How Bob Painter and Jan Gillespie Met (In Bob’s Words)

“How Bob Painter and Jan Gillespie Met”

I went back to school at Colorado A&M, an agricultural/mechanical college. I didn’t have a place to stay because I wanted to stay at the riding stables. At that time they had a riding stable so they could teach riding to college students. Prior to World War II, Colorado A&M had been an artillery unit of the ROTC. They had artillery horses that moved military equipment around. When World War II started, the program had been dropped. But, the stables were still in use.  In the 1950’s the units were turned over to the college of agriculture for their horse program. Every year they hired two young men to live at the stable and take care of the horses. In the fall of 1957, I didn’t have a place to stay, but I hoped to get a job at the riding stables. The stable boys were furnished an apartment as part of their wages. Upon arrival, before I went any where else, I talked to Al Richardson, the stable manager, and asked for the job. Al took me to the tack room to introduce me to the girls who were boarding horses there. I noticed a girl wearing a black, flat-brimmed hat. Jan’s hat was something that stood out and made me take notice of her. I was not so sure that I liked the flat brim. I was used to the traditional western hat with a rolled brim.  Stan, the other stable boy and I took care of the horses, cleaned the stalls, and did other chores. There were about thirty horses. Besides the boarders, there were fifteen or twenty horses for the riding program. The man who was in charge of the stables also taught lessons to the college students.

As time went by, Jan and I got pretty well acquainted. I was no longer concerned about the flat-brimmed hat. Jan stayed at Rock Well Hall. There was a curfew for the girls: 9:00 on school nights and 11:00 on weekends. We came back to the dorm after a date and since we were a little early, we waited in the car until the curfew was up. We were visiting and I said to Jan, “Maybe we should get married”. I was lying with my head in Jan’s lap. Her response was, “Where would we live?” Well, we left it there, as curfew was up! Jan needed to run back into the dorm before the doors were locked! That was only an introduction to my marriage proposal.

Later on in the school term, Jan caught a ride to Sturgis with Verna McNenny. I went to Sturgis and picked Jan up and took her back to Belle Fourche to meet my parents. This was in the fall of 1957. When I introduced her to the family, and told them she was from New Mexico, my sister Helen asked, “Is she a Mexican?” This statement embarrassed my mother terribly. More importantly, my brothers and sisters loved Jan and were so glad to meet her. She was very pretty, somewhat shy, and gracious.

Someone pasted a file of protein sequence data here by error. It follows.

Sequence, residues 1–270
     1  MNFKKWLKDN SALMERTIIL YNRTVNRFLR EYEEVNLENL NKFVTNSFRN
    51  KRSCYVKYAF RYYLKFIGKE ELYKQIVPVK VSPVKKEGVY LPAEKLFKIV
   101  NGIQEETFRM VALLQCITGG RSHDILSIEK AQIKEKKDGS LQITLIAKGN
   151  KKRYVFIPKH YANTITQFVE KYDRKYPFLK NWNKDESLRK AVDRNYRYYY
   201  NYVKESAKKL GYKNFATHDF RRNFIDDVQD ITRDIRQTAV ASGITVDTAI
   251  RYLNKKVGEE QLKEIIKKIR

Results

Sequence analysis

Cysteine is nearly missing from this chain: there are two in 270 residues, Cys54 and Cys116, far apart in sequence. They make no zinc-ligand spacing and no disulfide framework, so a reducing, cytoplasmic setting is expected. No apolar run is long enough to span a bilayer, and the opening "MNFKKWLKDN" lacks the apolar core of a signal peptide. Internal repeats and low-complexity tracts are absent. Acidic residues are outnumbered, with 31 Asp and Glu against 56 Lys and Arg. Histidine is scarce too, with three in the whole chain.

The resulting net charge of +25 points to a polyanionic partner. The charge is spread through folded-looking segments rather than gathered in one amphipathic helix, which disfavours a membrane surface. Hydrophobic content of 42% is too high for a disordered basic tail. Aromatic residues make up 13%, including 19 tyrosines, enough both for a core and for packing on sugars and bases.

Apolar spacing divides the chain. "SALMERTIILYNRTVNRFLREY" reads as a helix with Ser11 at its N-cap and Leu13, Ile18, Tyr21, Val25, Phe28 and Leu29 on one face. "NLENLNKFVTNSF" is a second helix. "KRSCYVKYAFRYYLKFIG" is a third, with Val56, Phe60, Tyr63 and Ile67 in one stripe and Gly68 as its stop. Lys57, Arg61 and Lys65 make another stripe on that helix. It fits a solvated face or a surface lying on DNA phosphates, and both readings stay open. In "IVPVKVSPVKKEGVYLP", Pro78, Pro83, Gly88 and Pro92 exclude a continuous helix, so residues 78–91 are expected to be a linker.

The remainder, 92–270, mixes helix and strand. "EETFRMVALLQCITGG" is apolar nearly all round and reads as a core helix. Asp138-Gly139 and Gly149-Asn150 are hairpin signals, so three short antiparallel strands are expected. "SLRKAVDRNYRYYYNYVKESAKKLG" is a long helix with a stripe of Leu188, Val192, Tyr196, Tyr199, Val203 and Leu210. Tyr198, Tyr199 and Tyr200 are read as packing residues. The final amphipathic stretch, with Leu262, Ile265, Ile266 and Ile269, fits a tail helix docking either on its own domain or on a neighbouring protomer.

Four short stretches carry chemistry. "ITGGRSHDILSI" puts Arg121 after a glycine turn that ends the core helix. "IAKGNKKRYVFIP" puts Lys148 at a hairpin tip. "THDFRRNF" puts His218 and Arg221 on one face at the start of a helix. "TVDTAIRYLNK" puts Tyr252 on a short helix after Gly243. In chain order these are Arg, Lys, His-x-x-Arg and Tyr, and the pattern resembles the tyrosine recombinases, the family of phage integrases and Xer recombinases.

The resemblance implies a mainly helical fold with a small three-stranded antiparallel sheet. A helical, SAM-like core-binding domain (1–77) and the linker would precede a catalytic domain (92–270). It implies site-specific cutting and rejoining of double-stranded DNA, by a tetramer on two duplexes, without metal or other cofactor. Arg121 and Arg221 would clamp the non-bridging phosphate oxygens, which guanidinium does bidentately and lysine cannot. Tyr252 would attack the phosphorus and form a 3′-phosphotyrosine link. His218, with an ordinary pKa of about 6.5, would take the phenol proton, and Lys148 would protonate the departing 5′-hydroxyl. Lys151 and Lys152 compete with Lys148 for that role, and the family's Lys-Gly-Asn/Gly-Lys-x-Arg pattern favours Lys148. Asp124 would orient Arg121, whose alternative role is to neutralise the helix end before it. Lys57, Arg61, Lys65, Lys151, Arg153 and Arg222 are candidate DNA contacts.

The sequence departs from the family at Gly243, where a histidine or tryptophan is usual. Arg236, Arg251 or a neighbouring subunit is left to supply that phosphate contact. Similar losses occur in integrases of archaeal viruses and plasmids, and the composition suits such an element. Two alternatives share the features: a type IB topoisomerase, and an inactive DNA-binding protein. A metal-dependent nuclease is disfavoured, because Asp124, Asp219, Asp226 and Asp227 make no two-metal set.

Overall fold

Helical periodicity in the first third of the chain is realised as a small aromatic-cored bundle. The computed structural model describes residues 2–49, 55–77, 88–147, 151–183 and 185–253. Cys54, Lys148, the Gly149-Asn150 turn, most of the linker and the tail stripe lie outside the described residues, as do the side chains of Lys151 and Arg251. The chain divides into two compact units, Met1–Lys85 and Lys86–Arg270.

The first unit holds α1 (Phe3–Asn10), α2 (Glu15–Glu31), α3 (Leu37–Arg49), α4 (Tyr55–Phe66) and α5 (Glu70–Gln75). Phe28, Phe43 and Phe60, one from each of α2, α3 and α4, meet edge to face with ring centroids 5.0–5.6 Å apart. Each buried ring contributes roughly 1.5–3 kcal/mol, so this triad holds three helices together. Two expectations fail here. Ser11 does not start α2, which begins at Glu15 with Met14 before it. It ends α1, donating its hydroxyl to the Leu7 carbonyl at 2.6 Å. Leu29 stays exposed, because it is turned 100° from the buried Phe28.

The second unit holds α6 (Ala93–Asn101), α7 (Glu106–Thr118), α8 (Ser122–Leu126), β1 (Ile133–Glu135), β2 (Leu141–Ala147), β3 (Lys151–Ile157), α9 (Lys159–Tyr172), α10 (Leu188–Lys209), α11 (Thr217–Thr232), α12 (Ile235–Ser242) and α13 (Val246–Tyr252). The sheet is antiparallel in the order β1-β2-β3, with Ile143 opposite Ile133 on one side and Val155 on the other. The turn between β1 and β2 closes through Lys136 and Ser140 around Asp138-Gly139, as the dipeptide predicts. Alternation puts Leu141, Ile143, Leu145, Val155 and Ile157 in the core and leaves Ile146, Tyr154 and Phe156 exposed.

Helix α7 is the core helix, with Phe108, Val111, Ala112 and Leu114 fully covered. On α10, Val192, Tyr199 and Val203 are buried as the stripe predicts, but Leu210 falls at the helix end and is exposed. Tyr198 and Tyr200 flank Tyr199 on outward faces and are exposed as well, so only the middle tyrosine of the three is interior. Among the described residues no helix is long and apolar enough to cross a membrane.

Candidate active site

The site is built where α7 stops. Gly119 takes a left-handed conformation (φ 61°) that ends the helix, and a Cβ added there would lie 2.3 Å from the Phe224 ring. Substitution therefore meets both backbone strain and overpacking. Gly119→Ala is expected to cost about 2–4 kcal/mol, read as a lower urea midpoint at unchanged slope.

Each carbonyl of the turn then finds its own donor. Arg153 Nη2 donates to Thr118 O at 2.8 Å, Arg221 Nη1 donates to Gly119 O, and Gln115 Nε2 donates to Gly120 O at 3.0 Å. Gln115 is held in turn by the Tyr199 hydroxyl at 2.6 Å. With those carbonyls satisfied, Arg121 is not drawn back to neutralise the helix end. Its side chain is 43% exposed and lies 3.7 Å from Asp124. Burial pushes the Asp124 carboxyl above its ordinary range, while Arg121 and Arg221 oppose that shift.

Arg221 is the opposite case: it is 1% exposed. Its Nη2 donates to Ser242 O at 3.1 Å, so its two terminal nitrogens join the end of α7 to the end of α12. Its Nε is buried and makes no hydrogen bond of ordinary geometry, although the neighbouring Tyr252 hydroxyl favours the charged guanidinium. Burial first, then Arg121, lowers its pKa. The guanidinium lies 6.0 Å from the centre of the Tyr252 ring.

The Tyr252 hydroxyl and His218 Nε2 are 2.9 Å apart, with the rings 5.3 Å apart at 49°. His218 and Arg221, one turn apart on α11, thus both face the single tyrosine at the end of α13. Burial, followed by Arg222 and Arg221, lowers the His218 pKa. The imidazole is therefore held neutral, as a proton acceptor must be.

During that school year, Jan and I spent a lot of time studying together, going to movies, attending the National Western Livestock Show in Denver Colorado, going to rodeo club, and to the livestock club. I was impressed with Jan’s many talents and abilities, her exquisite handwriting, and her photographic memory. She was a seamstress and could sew wonderful western clothing. She tooled leather and was good with mechanics. She was also the supreme equestrian, if ever there ever was one. Jan was in the “Little National Western” livestock show with her horse, sponsored by the CSU Livestock Club. She was able to win numerous awards.

A memorable incident happened when Jan was jumping on her horse, Brandy. Another girl, Annette Jump from Denver was in the class competing against Jan. Annette had a horse that was a beautiful, big jumper, much bigger and better-looking than Brandy. At the end of the competition, there were only two horses left, Jan’s and Annette Jump’s – their scores were tied. So the bars on the jumps were raised. Annette Jump went first, and had one fault, meaning that her horse knocked one bar off when it jumped. Jan, on Brandy, came next. Jan completed the course with a no-fault run, and won first place. This was important to Jan and me, as we felt Jan’s horse was more plain and humble, that she herself had trained while the other horse was more on the professional level.

Jan and I parted in March of 1958 so that I could return home and work on the ranch in South Dakota for the summer. Jan’s mother insisted that we wait until the end of the summer in August to see each other again and to get married. Now, in my later years, I feel she wanted to see if our romance was strong enough to withstand the test of time. This separation was for six months which seemed like forever to me. I don’t blame Helen Gillespie now as I see she was being protective of her very precious daughter. I am thankful that she thought of Jan as a treasure as I, too, believe she is. Please see the pictures of Jan on our wedding day.

Much more could be said, so for the sake of time I wish to end by saying that Jan has been a tremendous blessing in my life. I feel grateful for her and believe that my attraction to her was meant to be. My mother told me that Jan was a good choice and that my Grandmother Painter, a very particular lady, would approve of Jan Gillespie. That was a true litmus test in my way of thinking. That statement was also a surefire vote from my mother if ever there was one. Grandma Painter didn’t attend a single one of her son’s weddings because she felt the girls didn’t measure up.

I am thankful for Jan and for our three beloved children, Heidi, Rob, and Nathan; their spouses and children. These words cannot say how precious they are. The love we feel for Jan cannot be measured. We are all fortunate that we ever knew Jan, for the lovely person that she is and ever will continue to be.


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